Purple Magazine
— The Love Issue #34

french kiss

ESSAY

text by FRÉDÉRIC BEIGBEDER
artwork by AMANDA WALL

The well-known french literary critic, television and radio journalist, and prize-winning novelist (love lasts three years, windows on the world, and a french novel) frédéric beigbeder is a long-time friend of purple. This is his first essay for the magazine.

Is there a French way of loving? After all, Americans use “French kiss” for pelle, palot, or galoche. Making out with your mouth wide open and your tongue out like a writhing snake is known the world over as a French invention. Often the most disgusting things have French names: les French fries, le French toast, and the French letter (le préservatif). Personnellement, I can’t have sex without French kissing.

To begin this article with much fanfare and franglais, it seems the French have a bad reputation. It’s a cliché, but not fake news: in France, love is more important than anything else — which doesn’t mean that we’re any better at it than the rest. Anyway. It’s our national sport. But what exactly is a French lover? Is it simply a synonym for asshole or gros relou? Is there a French style of loving? Are we sex experts capable of giving sex education to the rest of the world, or are we simply a bunch of obsessed and impotent show-offs? A long time ago, I had great sex with an American girl, and she said I was “different” because I spent half an hour licking her clitoris. I put her pleasure before mine. Was that French of me? Is le French Lover not just a good lay, but also a gentleman who says, “Après vous, Madame.” Maybe that’s how macho men become feminists.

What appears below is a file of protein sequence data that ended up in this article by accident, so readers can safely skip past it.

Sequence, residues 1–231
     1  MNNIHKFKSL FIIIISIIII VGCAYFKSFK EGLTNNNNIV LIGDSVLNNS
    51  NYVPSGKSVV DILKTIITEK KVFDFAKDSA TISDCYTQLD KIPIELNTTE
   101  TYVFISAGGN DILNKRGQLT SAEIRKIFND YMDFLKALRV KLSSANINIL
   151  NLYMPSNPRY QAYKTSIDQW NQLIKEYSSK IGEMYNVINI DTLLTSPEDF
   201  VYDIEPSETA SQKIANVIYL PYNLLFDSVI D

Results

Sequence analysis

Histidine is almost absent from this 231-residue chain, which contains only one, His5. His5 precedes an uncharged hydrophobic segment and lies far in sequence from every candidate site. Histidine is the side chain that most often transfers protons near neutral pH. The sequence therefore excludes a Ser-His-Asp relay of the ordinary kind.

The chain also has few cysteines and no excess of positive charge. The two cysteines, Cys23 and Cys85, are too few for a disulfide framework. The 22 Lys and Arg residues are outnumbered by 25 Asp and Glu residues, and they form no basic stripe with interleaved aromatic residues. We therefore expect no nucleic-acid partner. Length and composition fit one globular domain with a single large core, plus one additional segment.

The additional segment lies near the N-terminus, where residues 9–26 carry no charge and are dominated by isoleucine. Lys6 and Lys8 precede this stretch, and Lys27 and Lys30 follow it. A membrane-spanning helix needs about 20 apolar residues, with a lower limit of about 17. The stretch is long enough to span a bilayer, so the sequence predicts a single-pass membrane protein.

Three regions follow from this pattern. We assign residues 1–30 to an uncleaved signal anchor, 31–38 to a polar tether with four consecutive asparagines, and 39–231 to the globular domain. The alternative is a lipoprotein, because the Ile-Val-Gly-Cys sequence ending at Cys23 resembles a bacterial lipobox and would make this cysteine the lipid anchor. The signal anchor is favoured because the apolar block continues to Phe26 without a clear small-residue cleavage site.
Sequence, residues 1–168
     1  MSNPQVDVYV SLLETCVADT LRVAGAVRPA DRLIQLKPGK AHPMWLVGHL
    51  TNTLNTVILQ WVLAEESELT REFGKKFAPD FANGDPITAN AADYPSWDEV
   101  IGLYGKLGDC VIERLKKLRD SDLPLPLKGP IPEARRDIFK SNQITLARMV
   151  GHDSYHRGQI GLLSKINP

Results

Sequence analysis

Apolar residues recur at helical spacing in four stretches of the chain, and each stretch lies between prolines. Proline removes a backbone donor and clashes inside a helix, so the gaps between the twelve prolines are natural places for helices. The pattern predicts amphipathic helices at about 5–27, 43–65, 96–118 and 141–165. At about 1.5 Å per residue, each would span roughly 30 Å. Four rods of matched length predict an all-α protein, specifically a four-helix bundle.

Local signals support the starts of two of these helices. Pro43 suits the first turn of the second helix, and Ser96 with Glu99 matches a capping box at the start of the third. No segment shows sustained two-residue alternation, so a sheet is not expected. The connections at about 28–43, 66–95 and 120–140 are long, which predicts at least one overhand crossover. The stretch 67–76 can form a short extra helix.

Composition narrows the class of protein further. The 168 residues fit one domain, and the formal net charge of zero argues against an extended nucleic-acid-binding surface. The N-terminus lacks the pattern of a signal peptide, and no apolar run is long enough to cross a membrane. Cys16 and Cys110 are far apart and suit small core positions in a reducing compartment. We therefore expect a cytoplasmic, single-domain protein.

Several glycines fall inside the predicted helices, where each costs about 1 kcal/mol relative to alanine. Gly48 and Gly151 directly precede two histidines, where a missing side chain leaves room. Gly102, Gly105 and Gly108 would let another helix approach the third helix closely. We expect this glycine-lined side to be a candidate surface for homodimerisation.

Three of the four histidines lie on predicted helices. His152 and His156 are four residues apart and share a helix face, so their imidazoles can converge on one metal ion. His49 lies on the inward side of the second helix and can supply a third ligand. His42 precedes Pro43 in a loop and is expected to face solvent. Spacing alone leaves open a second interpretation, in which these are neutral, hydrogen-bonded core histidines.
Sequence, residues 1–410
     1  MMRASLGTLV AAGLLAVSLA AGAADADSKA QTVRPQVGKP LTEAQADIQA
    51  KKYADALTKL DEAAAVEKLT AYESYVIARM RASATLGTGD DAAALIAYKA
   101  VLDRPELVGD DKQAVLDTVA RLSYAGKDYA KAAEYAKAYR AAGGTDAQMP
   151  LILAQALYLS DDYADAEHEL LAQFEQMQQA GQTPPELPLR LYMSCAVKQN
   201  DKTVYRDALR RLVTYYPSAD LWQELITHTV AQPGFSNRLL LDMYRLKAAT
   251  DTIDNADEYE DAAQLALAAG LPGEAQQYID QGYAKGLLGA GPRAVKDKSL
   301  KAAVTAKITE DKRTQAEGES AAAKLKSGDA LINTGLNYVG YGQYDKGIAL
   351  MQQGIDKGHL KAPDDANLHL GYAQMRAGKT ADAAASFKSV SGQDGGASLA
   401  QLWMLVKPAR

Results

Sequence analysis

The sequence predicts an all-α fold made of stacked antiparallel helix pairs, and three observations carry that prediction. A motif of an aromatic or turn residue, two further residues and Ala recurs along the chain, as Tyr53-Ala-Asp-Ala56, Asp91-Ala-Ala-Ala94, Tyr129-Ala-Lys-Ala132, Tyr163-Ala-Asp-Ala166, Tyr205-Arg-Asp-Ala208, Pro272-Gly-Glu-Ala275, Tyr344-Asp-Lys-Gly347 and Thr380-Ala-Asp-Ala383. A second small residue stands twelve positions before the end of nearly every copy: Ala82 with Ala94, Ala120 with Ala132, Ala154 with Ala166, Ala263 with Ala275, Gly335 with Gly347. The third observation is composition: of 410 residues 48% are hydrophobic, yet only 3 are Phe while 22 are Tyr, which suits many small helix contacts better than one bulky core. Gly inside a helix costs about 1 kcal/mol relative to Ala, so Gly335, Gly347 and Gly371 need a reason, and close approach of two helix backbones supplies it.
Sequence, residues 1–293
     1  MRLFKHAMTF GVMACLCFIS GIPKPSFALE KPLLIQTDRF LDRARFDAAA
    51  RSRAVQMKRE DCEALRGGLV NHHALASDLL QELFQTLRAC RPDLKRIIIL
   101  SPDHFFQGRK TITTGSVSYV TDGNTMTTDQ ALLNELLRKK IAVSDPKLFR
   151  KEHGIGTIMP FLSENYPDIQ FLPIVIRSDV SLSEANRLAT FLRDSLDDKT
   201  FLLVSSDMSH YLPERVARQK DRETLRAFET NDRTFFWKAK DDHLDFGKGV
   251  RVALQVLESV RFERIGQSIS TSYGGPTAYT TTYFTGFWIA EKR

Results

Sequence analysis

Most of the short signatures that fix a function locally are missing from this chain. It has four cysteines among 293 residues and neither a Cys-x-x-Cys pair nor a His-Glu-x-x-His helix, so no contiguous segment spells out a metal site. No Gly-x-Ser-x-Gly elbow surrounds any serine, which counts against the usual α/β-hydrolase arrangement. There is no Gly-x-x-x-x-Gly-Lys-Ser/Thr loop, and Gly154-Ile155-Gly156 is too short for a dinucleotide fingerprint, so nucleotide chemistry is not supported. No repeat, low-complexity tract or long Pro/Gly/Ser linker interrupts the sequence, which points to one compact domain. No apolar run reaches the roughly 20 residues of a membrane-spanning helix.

The French art of loving started with La Legende de Tristan et Iseut, the French Romeo and Juliet. They weren’t supposed to fall in love with each other, but they did. They drank a love potion that lasted three years. So, even in medieval times, French love was seen as magical and forbidden; l’amour is une merveilleuse panic attack, an overdose of ecstasy. It’s exciting when it’s secret, and it’s beautiful when it’s impossible. This curse has a name: Romanticism.

It’s also very German (from Werther to Goethe) and Russian (Turgenev’s First Love), but the French are the masters of the complex art of the broken heart. When you’re French, they teach you in school that love is painful, very rare, and that if you fall in love, you will suffer, go crazy, or commit suicide. They also teach us that it’s this catastrophe that will give meaning to our lives. So, it comes from the Middle Ages, but also the 18th century, a.k.a. the “century of enlightenment.” In France, the Enlightenment was the age of perversion, desire, tortured attraction, and erotic manipulation. Loving became a form of science, a house spécialité, like on the menu of a Michelin-starred gourmet restaurant. Courtly love has become a passion for guilty pleasures, a game of fine and convoluted strategies. Destroying purity was an aristocratic hobby. Luckily, then came the French Revolution. France is the country where the perfection of language meets the worst possible donjuanism. Libertines were like soldiers in the battles of loving gorgeous countesses with wigs. But they lost the battle.